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Caulocampus acericaulis

Maple petiole borer damage. Photo: Charles D. Pless, University of Tennessee, Bugwood.
Scientific Name: 
Caulocampus acericaulis
Common Name: 
Maple Petiole Borer
Growing Degree Days (GDD's): 
None available at this time.
Host Plant(s) Common Name (Scientific Name): 
Maple (Acer spp.)
Sugar maple (Acer saccharum) *Preferred host.
Insect Description: 

The maple petiole borer is a sawfly species that is non-native to the United States and likely an introduction from Europe. It was first reported in 1899 in Danbury, CT (Britton, 1906). The adult sawflies (non-stinging, wasp-like insects) emerge in May and lay their eggs (colorless, long, slender, and curved) at the base of the petiole of their host plant. Adult females have been dissected to reveal that each may have as many as 19 eggs. Adults are rarely seen, but approximately 1/4 inch in length with a shiny, black colored head and thorax and yellow, black tipped abdomen with yellow legs. The larvae feed by mining the leaf petioles, eating almost all of the tissue within. Eventually, this feeding causes the petiole to break, an inch or so from the leaf itself. Leaf drop from the activity of this insect may be noticed in May and June. Feeding occurs approximately over that one month period. While this activity may be concerning, this insect does not normally cause damage to the overall health of the host plant and management is rarely needed. Fully grown larvae are 8 mm in length and resemble weevil larvae (thoracic legs are so small they may appear legless, white in color with brown heads). Larvae do not drop to the ground with the severed leaf portion - they remain in the petiole, which then eventually drops to the ground and contains the larva. Larvae crawl to the soil surface and burrow 5-8 cm below, where they pupate. The pupa is found in a round to oval, earthen cell that is 5 mm. in diameter. Overwintering occurs as a prepupa in the earthen cell. One generation occurs per year.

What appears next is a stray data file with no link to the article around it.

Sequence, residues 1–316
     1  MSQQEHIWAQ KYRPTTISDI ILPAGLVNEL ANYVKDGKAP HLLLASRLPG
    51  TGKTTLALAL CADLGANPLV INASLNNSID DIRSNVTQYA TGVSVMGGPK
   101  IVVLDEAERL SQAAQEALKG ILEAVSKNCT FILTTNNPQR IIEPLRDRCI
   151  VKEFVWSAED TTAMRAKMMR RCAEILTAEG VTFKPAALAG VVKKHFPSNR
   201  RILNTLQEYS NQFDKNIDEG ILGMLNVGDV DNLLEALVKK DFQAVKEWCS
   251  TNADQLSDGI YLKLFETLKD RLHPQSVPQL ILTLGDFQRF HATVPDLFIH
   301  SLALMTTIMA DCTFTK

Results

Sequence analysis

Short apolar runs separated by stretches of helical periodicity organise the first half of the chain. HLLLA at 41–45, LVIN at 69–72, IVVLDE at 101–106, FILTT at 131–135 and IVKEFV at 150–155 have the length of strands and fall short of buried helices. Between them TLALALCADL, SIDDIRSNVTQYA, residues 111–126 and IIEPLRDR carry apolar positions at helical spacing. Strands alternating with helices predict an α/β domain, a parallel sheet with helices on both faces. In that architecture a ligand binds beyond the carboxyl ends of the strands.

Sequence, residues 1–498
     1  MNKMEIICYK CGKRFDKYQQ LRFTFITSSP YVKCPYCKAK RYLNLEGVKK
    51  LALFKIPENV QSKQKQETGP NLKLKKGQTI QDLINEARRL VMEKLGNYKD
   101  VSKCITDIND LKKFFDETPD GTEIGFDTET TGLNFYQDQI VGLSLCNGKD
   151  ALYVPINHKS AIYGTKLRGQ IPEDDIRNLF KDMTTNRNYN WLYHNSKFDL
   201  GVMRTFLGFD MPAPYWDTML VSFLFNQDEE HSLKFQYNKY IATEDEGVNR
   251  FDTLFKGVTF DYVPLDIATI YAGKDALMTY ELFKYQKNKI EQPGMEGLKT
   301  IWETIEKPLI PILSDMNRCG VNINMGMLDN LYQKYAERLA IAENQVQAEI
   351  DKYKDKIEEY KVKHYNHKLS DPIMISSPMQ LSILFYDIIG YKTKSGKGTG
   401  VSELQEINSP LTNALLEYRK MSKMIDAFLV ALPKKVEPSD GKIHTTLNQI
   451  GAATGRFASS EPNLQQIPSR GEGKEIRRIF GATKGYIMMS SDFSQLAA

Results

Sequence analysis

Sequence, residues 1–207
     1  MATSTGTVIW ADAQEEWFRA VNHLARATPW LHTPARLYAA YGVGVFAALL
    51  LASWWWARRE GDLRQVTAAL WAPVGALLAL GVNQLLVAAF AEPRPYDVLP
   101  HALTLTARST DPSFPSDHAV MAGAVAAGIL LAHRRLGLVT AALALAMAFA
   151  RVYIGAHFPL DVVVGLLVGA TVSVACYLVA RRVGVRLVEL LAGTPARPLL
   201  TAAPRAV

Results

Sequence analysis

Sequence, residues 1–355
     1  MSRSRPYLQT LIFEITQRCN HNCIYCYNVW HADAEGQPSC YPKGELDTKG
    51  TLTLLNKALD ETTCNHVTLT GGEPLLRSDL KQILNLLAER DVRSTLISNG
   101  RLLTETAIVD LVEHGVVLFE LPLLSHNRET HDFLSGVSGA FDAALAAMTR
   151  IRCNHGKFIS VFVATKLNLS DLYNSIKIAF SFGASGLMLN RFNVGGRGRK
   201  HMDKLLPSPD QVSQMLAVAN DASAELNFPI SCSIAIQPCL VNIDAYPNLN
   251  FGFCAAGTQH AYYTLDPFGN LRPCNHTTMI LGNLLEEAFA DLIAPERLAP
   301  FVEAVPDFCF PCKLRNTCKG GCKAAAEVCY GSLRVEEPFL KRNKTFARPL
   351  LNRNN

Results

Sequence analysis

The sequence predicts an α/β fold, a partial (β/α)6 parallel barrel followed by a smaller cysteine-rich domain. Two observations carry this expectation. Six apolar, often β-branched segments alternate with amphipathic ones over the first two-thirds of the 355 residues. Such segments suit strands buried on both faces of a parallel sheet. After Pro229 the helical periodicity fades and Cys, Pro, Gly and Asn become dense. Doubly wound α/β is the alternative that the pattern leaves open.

Damage to Host: 

Hundreds of new leaves may fall from one tree (primarily sugar maple) in May and June. Prior to leaf drop, leaves may appear green and otherwise healthy. Other times, they wilt and may look "scorched" on the edges. However, only approximately 10% (maybe 15-20%) of the tree's total leaves may be impacted. Each tree has thousands more leaves and should survive nicely. This insect does not cause serious damage to its hosts, and can be tolerated. Managing them can be difficult, and unnecessary. Additionally, populations of this insect fluctuate each season and can be unpredictable. Other stressors, both biotic and abiotic, can cause leaf drop but typically happen later in the growing season.


Look for dropped leaves in May or June. Carefully dissect (slice open) the petiole (the portion remaining on the tree) to look for the tiny sawfly larva or evidence of tunneling within. Tunnels will be filled with loose, granular frass (excrement). 

Cultural Management: